Kalee Boisvert:

Yes, it is very tricky, because it is different for everyone. And there's all different scenarios, like I come across that in my business too. And it's, you know, you can kind of have the textbook information but it really depends on the particulars of you know, their the person's situation. So it is a lot of learning, like continuing to kind of problem solve and investigate. Grow. Yeah, and it's That's right. Yeah. And it's it's fun because it's Yeah, it's putting it you know, finding solutions to that's putting more money, hopefully in their pocket right and less in the hands of, you know, government and and taxes. Of course, we're not trying to get in the hands of their accountants to Yes, exactly right. And it's. And that's, that's important. And it's, again, it's very tricky for us to know this stuff for, you know, this isn't our if this isn't your day to day or specialty, it's not really expected that you would know the ins and outs of this tax law. Absolutely.

Unknown:

Well, and you know, it's interesting, because as you said, One little fact pattern can completely change the answer and, and for anybody, if you keep anything up to date, in the past four to five years, the amount of tax laws that have changed, you can't even necessarily rely on the internet anymore. Yeah, because of the overwhelming redrafting of all tax laws, both in the US and Canada that if you read an article from 2016, it could be not even valid anymore.

Kalee Boisvert:

Absolutely, absolutely. So definitely be aware of that people. So it's like self diagnosing on the internet, it's not a good idea. necessarily a good idea to get your tax information online, is right, especially if it's dated. So with everything going on with COVID, you know, what really comes to mind for me is people are feeling a lot less location, you know, sort of dependent, and they're feeling that they can go in different places and work from different locations. So are there considerations then for people that, you know, can be working from home? And have decided, Hey, I don't really you know, love living where I am, I want to go live in a warmer climate, I want to go, you know, move down south, I'm in Canada, I, you know, I want to maybe go live in the US while I work and I could still be doing the work I do, but from a new location. So for people in those scenarios, what are the considerations that need they need to keep in mind if they're moving between countries?

Unknown:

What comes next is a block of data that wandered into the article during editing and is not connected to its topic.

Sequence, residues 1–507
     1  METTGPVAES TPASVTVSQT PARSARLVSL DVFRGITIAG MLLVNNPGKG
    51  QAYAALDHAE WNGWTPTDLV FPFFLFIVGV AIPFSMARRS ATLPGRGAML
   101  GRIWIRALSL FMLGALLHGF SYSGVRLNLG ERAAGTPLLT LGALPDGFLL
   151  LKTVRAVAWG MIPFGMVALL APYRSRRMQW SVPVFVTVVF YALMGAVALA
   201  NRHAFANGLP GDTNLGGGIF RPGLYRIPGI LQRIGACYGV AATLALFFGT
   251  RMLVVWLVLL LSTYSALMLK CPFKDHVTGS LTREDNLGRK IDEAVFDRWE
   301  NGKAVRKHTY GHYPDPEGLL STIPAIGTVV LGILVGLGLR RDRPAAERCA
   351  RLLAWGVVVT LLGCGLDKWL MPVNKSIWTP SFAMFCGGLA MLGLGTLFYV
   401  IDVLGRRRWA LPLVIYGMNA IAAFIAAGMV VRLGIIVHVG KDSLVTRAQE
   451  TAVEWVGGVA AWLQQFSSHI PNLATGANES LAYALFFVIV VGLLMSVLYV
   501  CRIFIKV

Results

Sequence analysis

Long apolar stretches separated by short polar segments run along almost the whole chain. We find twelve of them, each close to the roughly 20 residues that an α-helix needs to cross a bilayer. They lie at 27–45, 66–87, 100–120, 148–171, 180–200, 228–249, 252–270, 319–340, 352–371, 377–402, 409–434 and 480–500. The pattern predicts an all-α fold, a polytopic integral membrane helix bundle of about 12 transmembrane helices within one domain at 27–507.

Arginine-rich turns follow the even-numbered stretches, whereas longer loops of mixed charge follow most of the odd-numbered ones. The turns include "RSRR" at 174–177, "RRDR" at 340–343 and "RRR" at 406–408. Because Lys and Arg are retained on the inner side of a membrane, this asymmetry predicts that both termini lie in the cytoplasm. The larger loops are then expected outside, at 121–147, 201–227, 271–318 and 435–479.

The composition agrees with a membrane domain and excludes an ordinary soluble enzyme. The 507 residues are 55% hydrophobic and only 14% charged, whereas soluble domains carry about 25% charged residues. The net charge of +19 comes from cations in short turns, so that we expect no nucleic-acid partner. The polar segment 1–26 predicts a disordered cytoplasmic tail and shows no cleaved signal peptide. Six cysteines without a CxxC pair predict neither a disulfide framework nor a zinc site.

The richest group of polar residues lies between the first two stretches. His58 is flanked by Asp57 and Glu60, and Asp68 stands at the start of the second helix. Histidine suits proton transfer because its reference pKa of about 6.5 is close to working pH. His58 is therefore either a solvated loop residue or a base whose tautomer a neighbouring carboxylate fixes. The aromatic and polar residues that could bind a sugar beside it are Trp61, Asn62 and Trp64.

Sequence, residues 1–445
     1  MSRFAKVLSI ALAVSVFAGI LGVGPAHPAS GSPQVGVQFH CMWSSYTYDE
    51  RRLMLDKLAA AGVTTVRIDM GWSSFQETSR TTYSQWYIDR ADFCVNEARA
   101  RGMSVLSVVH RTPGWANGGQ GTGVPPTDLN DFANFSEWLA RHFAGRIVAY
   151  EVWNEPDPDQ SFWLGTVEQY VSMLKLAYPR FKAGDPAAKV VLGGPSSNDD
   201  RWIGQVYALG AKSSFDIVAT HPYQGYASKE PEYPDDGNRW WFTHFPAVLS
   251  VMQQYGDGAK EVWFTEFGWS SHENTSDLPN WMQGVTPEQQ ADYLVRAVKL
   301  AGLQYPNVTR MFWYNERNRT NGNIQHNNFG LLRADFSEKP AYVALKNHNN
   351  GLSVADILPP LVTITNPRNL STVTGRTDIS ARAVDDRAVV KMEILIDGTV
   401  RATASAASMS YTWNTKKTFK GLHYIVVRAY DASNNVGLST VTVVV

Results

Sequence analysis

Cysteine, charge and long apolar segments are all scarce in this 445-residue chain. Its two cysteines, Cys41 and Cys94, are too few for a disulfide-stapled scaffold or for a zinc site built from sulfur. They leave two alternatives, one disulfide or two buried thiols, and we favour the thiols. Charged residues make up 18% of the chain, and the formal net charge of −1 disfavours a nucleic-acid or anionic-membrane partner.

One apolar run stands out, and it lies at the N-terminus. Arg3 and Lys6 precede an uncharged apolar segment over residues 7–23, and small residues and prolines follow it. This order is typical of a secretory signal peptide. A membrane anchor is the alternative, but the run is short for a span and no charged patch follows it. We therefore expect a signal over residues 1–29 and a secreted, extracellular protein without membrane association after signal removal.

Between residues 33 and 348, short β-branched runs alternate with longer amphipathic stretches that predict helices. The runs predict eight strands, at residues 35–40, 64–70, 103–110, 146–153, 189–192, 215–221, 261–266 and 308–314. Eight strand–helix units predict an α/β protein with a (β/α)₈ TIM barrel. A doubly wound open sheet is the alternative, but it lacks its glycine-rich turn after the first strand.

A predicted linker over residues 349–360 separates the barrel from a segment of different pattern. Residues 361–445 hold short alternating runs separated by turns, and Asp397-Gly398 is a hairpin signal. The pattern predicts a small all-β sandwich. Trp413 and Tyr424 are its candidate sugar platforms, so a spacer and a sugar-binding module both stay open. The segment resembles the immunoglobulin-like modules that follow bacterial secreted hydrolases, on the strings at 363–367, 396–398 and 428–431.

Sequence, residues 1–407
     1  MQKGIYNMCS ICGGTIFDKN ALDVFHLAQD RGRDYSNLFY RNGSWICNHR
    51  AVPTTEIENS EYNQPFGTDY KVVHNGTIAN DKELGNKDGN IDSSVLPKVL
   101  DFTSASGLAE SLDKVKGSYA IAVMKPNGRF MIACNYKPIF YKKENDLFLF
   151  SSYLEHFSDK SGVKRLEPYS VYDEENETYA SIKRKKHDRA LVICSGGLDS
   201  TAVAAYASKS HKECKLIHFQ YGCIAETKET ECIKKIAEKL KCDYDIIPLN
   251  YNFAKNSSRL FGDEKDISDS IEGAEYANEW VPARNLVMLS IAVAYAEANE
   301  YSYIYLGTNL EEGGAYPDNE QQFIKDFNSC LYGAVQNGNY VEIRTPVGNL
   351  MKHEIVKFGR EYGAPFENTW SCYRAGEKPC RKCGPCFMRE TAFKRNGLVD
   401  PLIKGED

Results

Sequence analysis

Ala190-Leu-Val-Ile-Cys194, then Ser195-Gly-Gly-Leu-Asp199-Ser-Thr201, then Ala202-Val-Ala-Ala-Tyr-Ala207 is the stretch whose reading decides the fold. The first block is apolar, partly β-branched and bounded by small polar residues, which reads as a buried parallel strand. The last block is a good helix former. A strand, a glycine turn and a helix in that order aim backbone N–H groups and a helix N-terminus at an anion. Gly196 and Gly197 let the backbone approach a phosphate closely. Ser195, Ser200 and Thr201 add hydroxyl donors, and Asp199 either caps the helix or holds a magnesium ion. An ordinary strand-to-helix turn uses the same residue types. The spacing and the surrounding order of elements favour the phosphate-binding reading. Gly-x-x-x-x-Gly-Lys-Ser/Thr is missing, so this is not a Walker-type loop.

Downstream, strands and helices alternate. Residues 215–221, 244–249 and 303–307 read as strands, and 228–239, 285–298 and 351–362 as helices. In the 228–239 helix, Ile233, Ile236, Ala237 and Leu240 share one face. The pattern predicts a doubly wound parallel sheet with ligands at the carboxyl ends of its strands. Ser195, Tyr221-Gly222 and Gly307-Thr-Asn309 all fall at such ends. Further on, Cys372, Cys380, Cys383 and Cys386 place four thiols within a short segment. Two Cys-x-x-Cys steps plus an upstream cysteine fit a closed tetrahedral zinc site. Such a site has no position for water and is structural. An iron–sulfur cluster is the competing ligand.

Sure. Yeah. I mean, that's, that's probably the biggest question we faced in the past year, and even with our own team, for that matter, about being able to just kind of work from wherever they want. And in theory, it sounds wonderful. And it is easy, technically, to do that, because the technology is there, especially for those that work on a computer most of the time. But unfortunately, it's not quite that simple, both with immigration and tax to just pick up and go to another country and work. There are a lot of rules, and I'm not an immigration lawyer. So I can't really speak to what you need to do. But there are rules that you can't actually legally work in another country without a visa of some kind. And so you really need to be careful in what you're doing. If you intend to move there on a permanent basis and work from that country. Are you breaking any immigration laws, and then on the flip side is the tax side. Generally, most countries will tax on residency. So if you're planning to, let's say, You're an individual who lives in Canada, and you're like, you know what, I think I want to go live in Florida for the next few years. And I can just work from there remotely, that can create a lot of issues both on the Canadian side and on the US side. So from a Canadian side, when you plan to leave, they have something that's called a departure tax. So depending on your situation, and what types of assets that you hold, you could trigger a large deemed tax situation. And when I mean deemed, it doesn't actually happen. But the government looks at it and says, we're going to tell you what happened because you're leaving our country. And basically, the the point of that is that any appreciation that has happened in your assets up from the point that you bought it to the point that you leave Canada, Canada wants to be able to tax that share of wealth that are that occurred while living in Canada. So they have this thing called departure tax when you leave Canada and you have to not all assets, but most assets you have to deem dispose of and pay the tax on there is the ability to defer that tax. But that's kind of there's some complexities that come into that when when you want to try and defer that. And then on the flip side, when you look down to the US, the US is going to say Well, hey, wait a second, you're living here, we want our chunk of change. And so when you're actually an employee, this creates a lot of issues for the employer, because the employer now is technically required to set up and withhold us payroll versus Canadian payroll on your pay, as well as you as an individual now has to file a US Federal return and potentially state return if you move somewhere else besides Florida and pay your tax down in the US. So although you won't be subjected to the Canadian income tax on that earnings any any further, you will be subjected on to US tax and your employer. We'll have to set up us payroll. So it can get quite complex. And there are there are third party forums out there that can help manage those situations for companies that want to have remote employees. But it is a complexity that you definitely need to take into account. And you know, other things such as health care, if you leave Canada, you're not going to be able to qualify for the Canadian health care if you're gone for more than six months. So there are, you can't just kind of pack up and go to another country without triggering a different type of implication that can happen from many fronts.